Under President Donald Trump, immigration arrests have jumped by nearly 35 percent. They’re happening at courthouses, restaurants and in front of people’s homes. And these days, anyone who isn’t authorized to be in the country – from gang members to church pastors – is fair game.
These high-profile arrests put immigrants on high alert and attract media attention, but the actual number of deportations has dropped, in part, because overwhelmed immigration courts just can’t keep up.
The Trump administration has a plan to solve this problem: It wants to dramatically expand the authority of on-the-ground officers to expel immigrants without a judge’s review.
While the move has gotten far less attention than splashy raids and the border fence, it has the potential to radically change immigration enforcement nationwide. But there are already flaws in the current system. And legal experts are raising questions about whether the expansion would violate the U.S. Constitution, and would lead to the wrong people being deported.
This fast-track deportation is called “expedited removal,” and it was designed to quickly deport a certain kind of migrant: those who had recently arrived. For the past two decades, it has been used in a more targeted way near the border. Past administrations have expanded it gradually. Trump’s proposed expansion would take it across the nation.
Currently, expedited removal allows border officials to unilaterally send back immigrants if they’re detained within 100 miles of the border and have been in the country for less than two weeks.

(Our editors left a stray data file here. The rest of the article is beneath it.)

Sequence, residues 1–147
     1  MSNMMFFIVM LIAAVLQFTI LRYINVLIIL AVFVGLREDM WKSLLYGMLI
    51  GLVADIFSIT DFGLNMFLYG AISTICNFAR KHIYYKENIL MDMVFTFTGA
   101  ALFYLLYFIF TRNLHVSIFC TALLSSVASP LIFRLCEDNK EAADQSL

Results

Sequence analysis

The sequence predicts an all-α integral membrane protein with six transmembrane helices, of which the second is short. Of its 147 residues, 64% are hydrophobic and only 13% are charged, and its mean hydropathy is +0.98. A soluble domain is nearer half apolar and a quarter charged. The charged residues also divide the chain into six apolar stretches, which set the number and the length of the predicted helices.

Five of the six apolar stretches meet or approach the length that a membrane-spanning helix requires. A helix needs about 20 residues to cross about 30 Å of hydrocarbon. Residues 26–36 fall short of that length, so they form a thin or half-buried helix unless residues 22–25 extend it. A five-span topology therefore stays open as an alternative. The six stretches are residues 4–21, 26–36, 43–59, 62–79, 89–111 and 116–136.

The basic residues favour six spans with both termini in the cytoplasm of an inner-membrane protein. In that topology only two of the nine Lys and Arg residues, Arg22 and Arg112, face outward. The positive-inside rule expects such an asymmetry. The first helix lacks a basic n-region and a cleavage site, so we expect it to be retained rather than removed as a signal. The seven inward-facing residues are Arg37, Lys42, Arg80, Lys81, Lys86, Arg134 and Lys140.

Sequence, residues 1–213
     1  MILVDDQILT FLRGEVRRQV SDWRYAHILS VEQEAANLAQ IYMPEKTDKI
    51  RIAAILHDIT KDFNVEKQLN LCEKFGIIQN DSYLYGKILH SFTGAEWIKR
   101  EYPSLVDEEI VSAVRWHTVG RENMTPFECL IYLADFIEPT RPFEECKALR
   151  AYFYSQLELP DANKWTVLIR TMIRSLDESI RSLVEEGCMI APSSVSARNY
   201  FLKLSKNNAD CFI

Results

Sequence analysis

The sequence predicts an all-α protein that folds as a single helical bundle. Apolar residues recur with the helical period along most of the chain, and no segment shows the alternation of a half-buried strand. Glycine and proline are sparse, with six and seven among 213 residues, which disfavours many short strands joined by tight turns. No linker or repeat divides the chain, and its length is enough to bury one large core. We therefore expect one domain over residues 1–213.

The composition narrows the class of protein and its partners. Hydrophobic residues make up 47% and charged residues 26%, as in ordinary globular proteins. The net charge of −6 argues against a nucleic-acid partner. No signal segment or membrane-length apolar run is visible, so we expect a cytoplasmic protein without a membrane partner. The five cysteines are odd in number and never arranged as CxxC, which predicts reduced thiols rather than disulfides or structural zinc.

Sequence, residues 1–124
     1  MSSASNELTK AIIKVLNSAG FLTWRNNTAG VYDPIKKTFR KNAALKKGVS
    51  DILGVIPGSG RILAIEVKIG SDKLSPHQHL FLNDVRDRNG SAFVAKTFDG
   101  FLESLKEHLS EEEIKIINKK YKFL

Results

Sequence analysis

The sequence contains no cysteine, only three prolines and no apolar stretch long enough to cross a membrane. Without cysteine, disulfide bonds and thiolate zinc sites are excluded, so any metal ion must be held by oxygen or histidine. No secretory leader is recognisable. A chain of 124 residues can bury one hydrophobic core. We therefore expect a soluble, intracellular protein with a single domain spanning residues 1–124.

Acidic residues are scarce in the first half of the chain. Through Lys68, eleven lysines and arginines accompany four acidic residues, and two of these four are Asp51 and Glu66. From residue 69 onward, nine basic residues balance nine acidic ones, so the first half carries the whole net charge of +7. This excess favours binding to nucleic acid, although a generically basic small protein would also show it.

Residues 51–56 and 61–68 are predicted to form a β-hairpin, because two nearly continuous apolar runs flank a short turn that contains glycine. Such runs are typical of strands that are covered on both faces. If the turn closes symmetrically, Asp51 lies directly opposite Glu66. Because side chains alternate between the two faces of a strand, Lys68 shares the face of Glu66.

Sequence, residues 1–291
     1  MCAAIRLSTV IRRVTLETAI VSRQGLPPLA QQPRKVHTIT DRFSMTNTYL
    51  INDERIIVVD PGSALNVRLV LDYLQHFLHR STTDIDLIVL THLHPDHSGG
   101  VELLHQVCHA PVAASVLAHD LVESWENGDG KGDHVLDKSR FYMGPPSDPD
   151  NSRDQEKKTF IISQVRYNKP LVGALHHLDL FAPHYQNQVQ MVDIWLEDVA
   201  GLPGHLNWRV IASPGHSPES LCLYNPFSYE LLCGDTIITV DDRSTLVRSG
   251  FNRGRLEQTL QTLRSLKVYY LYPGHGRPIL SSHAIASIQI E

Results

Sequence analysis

“Basically, there’s an officer who acts like a judge and acts like an attorney and decides whether or not you have a legal right to be in the United States,” said Jennifer Rozdzielski, who heads the deportation defense team of the Law Offices of Carl Shusterman, an immigration law firm in Los Angeles.
That’s possible because the U.S. Supreme Court has said that constitutional rights such as due process aren’t as strong at the borders, in part because of national security concerns.
It’s a process that’s starkly different from a typical deportation, where immigrants are given multiple chances to challenge their removal before a judge. That process can take years.
In contrast, expedited removal is remarkably efficient. Immigration hard-liners supported its creation in the 1990s.
“There’s no reason that taxpayers should have to subsidize long, drawn-out immigration court proceedings for people who have just recently arrived in the country illegally and have been pretty much caught in the act,” said Jessica Vaughan, director of policy studies at the Center for Immigration Studies, a group that wants to restrict immigration.